By the Numbers- Thoughts on Aging

50The hubs celebrates a big birthday this month. As our children like to tell him, he’s halfway to one hundred. Whoa! It seems so weird to think about how I married a 29-year-old and that in the blink of eyes that now require reading glasses I’m married to a 50-year-old. Same guy, different number. He’s cool with it. Cause he’s just cool.

But those numbers can rattle my insecurity as if a number is what defines me.

I remember when I was turning 40 and was wringing my hands about that number and what I imagined it stood for. Middle age. Wrinkle cream. Becoming suddenly unsure of my wardrobe because the forties occupy this middle space, a life stage limbo when some clothes make women look like they’re trying too hard–rhinestone studded denim and leopard prints, or like they’re simply giving up–rhinestone studded sweatshirts and elastic waist capris.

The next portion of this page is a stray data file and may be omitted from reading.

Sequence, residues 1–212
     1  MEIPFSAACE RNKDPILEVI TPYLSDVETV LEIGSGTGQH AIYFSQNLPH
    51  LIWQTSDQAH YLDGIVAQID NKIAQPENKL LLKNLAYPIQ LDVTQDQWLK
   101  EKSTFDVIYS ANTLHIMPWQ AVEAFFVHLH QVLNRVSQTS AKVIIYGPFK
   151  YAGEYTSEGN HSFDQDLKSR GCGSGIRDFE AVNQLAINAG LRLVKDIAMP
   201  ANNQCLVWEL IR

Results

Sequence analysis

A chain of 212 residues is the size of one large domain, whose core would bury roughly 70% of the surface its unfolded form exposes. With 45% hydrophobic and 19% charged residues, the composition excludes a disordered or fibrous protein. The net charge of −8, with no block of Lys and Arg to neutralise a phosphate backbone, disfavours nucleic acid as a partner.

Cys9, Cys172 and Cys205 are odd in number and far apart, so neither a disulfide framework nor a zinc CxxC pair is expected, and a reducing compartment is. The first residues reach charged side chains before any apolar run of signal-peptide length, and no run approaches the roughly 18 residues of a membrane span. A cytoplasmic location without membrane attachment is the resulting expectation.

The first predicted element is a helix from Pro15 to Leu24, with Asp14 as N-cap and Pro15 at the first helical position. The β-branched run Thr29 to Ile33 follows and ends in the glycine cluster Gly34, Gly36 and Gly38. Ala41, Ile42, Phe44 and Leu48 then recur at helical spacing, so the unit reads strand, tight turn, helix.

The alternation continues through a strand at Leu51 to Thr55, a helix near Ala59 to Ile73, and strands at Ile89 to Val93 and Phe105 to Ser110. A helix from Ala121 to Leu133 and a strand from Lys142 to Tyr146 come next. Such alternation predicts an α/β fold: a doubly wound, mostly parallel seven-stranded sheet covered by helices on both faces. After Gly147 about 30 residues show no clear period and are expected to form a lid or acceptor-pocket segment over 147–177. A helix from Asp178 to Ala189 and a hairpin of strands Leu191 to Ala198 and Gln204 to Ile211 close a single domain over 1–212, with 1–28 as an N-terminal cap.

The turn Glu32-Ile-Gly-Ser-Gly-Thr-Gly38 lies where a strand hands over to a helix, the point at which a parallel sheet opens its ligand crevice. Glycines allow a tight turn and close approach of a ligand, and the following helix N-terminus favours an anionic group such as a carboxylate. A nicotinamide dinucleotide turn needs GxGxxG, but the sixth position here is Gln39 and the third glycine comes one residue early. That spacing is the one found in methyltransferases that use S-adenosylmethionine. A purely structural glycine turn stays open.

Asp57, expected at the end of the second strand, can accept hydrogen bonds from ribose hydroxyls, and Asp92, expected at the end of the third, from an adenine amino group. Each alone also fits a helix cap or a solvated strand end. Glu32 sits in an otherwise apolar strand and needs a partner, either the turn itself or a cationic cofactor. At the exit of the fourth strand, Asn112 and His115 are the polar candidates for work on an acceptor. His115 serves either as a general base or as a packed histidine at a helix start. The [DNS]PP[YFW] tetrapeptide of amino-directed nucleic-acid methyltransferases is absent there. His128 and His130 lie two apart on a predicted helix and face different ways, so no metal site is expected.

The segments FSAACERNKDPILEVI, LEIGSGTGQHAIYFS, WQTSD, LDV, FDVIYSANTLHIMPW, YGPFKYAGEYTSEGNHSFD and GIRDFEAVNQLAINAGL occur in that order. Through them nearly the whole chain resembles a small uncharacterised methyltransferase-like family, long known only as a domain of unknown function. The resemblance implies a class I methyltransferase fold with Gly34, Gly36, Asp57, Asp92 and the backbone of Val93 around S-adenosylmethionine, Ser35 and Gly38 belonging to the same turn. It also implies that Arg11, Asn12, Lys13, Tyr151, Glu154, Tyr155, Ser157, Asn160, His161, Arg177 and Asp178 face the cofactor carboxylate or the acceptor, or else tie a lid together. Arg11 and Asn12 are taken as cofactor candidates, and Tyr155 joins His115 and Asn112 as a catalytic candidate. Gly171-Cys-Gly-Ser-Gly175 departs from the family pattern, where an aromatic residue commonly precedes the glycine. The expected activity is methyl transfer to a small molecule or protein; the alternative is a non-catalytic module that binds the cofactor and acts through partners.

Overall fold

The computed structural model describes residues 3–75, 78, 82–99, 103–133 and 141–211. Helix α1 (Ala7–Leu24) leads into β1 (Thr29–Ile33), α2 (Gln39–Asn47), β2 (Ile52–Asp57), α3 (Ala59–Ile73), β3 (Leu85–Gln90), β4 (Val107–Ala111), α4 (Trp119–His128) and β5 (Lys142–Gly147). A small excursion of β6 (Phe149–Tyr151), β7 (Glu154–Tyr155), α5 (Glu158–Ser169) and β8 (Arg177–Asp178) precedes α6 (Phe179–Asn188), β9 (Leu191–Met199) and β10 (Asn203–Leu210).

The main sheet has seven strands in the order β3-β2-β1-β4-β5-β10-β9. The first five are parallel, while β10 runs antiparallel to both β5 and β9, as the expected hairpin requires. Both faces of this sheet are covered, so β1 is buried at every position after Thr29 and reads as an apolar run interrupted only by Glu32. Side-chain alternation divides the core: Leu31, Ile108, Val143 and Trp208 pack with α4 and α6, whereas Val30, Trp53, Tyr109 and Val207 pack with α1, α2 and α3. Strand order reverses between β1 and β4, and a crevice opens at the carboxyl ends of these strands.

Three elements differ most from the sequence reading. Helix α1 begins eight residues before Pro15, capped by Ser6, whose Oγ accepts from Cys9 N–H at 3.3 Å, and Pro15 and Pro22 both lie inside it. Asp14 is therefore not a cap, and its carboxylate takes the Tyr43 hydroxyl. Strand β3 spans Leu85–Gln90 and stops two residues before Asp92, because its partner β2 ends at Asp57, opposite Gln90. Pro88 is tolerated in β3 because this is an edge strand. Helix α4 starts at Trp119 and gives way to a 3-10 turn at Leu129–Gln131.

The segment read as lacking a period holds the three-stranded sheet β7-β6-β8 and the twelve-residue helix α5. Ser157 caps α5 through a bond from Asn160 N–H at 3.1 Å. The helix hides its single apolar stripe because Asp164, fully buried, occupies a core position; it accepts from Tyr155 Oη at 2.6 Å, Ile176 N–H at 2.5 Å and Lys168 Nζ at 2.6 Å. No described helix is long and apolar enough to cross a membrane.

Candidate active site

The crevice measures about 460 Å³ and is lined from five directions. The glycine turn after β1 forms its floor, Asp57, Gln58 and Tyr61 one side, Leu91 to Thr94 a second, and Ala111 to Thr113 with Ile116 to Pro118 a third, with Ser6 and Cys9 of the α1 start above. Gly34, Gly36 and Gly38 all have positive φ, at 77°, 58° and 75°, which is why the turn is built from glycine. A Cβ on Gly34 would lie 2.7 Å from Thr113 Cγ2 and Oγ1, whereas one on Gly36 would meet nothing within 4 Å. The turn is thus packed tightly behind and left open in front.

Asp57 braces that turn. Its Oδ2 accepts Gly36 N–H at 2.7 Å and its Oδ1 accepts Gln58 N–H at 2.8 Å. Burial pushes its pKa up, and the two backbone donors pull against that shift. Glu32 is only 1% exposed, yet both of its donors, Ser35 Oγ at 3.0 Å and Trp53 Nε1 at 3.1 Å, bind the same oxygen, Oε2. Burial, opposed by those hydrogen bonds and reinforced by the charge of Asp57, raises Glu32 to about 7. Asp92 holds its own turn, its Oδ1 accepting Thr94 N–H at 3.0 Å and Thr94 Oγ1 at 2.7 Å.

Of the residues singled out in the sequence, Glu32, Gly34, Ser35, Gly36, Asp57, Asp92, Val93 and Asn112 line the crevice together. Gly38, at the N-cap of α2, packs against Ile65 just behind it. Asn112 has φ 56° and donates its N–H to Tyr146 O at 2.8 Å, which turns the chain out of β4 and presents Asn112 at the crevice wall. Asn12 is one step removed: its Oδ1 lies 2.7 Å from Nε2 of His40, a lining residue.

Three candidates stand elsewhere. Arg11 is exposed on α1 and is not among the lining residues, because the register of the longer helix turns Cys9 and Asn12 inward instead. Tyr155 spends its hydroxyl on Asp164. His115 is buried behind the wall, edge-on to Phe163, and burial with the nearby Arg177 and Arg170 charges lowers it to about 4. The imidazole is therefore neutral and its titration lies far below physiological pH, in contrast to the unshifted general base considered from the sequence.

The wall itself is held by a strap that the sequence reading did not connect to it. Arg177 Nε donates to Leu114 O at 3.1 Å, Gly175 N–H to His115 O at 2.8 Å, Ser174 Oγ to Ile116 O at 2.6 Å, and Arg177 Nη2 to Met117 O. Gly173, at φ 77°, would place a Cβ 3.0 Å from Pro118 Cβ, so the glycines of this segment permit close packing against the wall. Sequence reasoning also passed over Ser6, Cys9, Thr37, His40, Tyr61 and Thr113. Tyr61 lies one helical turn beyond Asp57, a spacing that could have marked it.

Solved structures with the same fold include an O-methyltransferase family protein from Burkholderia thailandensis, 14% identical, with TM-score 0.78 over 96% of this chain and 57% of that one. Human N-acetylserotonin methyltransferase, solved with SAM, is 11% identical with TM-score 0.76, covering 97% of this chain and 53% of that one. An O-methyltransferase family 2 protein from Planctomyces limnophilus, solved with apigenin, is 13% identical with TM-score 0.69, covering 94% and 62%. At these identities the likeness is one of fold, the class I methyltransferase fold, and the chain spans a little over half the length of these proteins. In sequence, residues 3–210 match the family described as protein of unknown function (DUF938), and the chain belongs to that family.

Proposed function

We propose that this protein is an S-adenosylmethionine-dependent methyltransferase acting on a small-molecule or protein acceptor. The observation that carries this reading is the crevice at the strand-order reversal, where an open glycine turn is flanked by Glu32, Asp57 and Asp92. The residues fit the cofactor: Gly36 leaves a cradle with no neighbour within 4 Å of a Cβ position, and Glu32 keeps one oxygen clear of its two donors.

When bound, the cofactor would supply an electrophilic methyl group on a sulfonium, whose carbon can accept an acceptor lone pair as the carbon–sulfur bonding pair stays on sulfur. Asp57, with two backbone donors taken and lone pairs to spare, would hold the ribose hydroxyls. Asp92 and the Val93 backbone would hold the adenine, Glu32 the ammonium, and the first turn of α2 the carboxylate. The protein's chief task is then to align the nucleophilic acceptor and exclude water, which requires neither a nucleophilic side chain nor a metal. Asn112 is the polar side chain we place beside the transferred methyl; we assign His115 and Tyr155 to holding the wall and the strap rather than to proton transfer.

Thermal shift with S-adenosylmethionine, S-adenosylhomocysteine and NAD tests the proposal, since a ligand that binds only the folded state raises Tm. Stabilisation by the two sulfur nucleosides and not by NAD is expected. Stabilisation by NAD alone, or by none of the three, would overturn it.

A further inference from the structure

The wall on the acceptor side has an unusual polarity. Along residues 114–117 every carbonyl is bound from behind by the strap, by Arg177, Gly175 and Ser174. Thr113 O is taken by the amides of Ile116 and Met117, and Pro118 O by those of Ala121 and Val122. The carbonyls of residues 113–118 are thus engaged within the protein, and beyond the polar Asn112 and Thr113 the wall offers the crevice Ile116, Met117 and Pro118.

I shared my lament about turning 40 with my grandfather who was 80ish at the time. He stared off into the ether in some hypnotic gaze, heaved a great sigh and then said, “What I wouldn’t give to be 40 again.”

THAT, my friends, stuck with me. A message born of wisdom. This train isn’t slowing and it will most certainly stop one day. If we’re lucky and live to be 80, we surely don’t want to have wasted being 40 by being obsessed with the number.

It’s funny how I still try to conceal my number. At what age do we begin boasting about our number? Most 80-somethings I know are always saying things like, “Look how well I’m getting around! You know, I’m 84!”